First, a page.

(Published in The Times of India: http://blogs.timesofindia.indiatimes.com/shaira-mohan-blog/)
Imagine that you grew up with a family that didn’t love you or respect you like the other children because you were ‘different’.
Imagine that you grew up in a society that constantly looked down on you, made fun of you and treated you like an alien among humans on their planet. And you are also often subject to many kinds of violence and harassment.
And then imagine that you fall in love but the law of your country forbids you to be with or marry this other person. The penalty, if you do so, is life imprisonment.
Why? Because you are a boy attracted to a boy or a girl attracted to another girl. Because you are defying the acceptable norms of Indian society and have dared to live your life the only way you know how. And now you are a black mark on the white chalkboard of society.
Homosexuality in India is a topic so taboo that it has crept its away into not just our fastidious society but also the Indian Penal code in the form of Section 377, deeming sexual intercourse with a person of the same sex punishable by law. Interestingly, historical data and sacred religious Indian texts have clearly indicated that homosexuals were never considered inferior or unacceptable right up till the 18th century. It was not till the late 1800s that the IPC introduced Section 377 during the British rule.
Fast forward to 2009 when the Delhi High court showed some signs of progress by turning this ruling around citing consenting adults as the acceptable cause – an action while certainly late, definitely not too little. But it was the Supreme Court in 2013 that pushed the matter over the cliff by reversing this ruling and by doing so pulling us back in to the black hole of regression. A democratic façade of a dictatorship that snatches away what should only be an individual’s personal right and choice. No one else’s.
So, it is appalling to read about doctors in Delhi trying to ‘cure’ homosexuality by using electric shock therapy – a procedure they call ‘Conversion Therapy’ that involves a serious of nauseating drugs, electric shocks and talk therapy that has proved to cause depression, anxiety and even suicides. The fees, of course, are dubiously high.
One of these doctors, capitalising on an incident of suicide by an AIIMS doctor who blamed her actions on her gay husband, has found his business booming after this incident hit the news stands. Others claim to be veterans in the field carrying on the practice for over fifteen years and taking up-front cash advances.
The gross exploitation by these medical practitioners of the gullible and vulnerable is alarming and saddening in equal measure.There have been a number of attempts in the recent past to repeal this archaic and regressive ruling by our government but the fight for the win has a long way to go. Dr. Shashi Tharoor’s recent attempt to pass a bill for decriminalization of homosexuality was shunned by the Lok Sabha forcing him to initiate a petition on social media. The fact that transgender people have been exempt while the LGB (Lesbian, gay, Bisexual) community has been put under this spotlight is further mind-boggling and extremely hypocritical.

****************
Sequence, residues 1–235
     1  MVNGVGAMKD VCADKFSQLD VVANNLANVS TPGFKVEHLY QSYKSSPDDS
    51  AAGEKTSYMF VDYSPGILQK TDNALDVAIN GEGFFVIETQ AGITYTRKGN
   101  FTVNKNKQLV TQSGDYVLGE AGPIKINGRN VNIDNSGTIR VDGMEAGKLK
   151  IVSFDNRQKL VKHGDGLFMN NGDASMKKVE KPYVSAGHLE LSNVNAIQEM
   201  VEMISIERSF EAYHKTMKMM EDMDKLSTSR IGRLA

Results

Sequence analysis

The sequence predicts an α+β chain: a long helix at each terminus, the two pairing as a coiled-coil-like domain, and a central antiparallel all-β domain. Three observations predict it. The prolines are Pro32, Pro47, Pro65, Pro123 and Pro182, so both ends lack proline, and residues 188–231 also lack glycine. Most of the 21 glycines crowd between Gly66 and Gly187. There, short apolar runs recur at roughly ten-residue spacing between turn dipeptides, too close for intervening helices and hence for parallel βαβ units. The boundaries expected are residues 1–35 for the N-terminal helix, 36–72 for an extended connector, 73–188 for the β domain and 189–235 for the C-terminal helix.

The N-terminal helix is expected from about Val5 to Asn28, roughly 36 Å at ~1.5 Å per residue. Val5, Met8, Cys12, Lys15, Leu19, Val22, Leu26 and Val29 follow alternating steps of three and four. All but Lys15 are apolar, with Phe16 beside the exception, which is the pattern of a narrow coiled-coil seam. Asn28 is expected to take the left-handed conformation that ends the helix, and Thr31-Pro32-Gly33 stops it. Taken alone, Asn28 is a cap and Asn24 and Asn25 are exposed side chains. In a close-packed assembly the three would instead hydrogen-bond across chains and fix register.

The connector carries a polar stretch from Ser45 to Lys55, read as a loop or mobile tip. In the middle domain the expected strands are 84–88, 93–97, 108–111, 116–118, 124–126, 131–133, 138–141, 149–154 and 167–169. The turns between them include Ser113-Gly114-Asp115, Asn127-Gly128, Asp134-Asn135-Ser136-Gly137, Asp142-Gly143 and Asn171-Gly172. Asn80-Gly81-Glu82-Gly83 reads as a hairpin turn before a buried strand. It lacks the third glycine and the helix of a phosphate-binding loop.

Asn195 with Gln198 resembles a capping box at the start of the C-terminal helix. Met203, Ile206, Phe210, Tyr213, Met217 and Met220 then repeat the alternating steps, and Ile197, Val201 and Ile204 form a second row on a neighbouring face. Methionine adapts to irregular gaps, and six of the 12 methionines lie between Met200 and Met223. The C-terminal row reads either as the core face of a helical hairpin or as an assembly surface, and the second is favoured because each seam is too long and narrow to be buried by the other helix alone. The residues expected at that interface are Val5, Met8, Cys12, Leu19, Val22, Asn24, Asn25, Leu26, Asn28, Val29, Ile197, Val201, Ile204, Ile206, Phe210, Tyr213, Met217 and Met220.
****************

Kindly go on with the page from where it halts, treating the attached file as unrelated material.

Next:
India’s vote in the United Nations General Assembly in March last year against the extension of marriage rights to Indian homosexual couples employed by the UN casts further shadows on the sad reality and plight of our LBG communities, not just within the country but also abroad.
How India can hope to progress while curbing the growth, personal progression and welfare of a large percentage of its own citizens is a question that needs to be pondered long and hard. Questions like why the idea of same sex marriages and couples makes us squirm and pass laws against them need to be asked and answered. And then we need to wake up and realise that these are after all, people too. Our people. People who need to be accepted and respected in our society just like the rest of us.
We fight the fight against feminism and women empowerment vehemently everyday. But we forget about those who are fighting the biggest battle of us all.
Increasingly many political parties and sections of society seem to be coming to the fore and voicing their stand against this gross miscarriage of justice. But it hasn’t yet been enough. More needs to be done. Much more. Sadly these mindsets are entrenched in the older generations that consider the very idea of same sex attractions abhorrent. Their zero-tolerance for their own children and relatives who dare to ‘come out of the closet’pushes many over the edge and we read about their suicides in the news.
This has to stop.
Homosexuality, just like heterosexuality to our very own ‘Hijras’ that ironically have been deemed acceptable by our society, are all simply variants of human sexual orientations. Not any kind of disease or disorder. These are people who belong in our society just like you and I. It is high time our law and order welcomes them too.